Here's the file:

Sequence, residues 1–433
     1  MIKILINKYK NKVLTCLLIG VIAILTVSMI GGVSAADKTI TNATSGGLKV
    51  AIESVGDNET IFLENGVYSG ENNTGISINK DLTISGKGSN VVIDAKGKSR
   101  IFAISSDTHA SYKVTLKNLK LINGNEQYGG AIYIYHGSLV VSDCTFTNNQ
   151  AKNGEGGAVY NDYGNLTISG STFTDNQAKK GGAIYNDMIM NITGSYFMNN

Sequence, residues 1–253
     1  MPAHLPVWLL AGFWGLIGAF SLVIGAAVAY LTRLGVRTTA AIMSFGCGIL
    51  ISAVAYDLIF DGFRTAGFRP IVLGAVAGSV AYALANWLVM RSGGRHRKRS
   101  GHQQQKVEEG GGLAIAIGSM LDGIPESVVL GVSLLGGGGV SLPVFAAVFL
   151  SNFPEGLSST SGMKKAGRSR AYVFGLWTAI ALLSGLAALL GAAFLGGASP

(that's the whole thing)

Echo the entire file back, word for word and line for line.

Sequence, residues 1–433
     1  MIKILINKYK NKVLTCLLIG VIAILTVSMI GGVSAADKTI TNATSGGLKV
    51  AIESVGDNET IFLENGVYSG ENNTGISINK DLTISGKGSN VVIDAKGKSR
   101  IFAISSDTHA SYKVTLKNLK LINGNEQYGG AIYIYHGSLV VSDCTFTNNQ
   151  AKNGEGGAVY NDYGNLTISG STFTDNQAKK GGAIYNDMIM NITGSYFMNN

Sequence, residues 1–253
     1  MPAHLPVWLL AGFWGLIGAF SLVIGAAVAY LTRLGVRTTA AIMSFGCGIL
    51  ISAVAYDLIF DGFRTAGFRP IVLGAVAGSV AYALANWLVM RSGGRHRKRS
   101  GHQQQKVEEG GGLAIAIGSM LDGIPESVVL GVSLLGGGGV SLPVFAAVFL
   151  SNFPEGLSST SGMKKAGRSR AYVFGLWTAI ALLSGLAALL GAAFLGGASP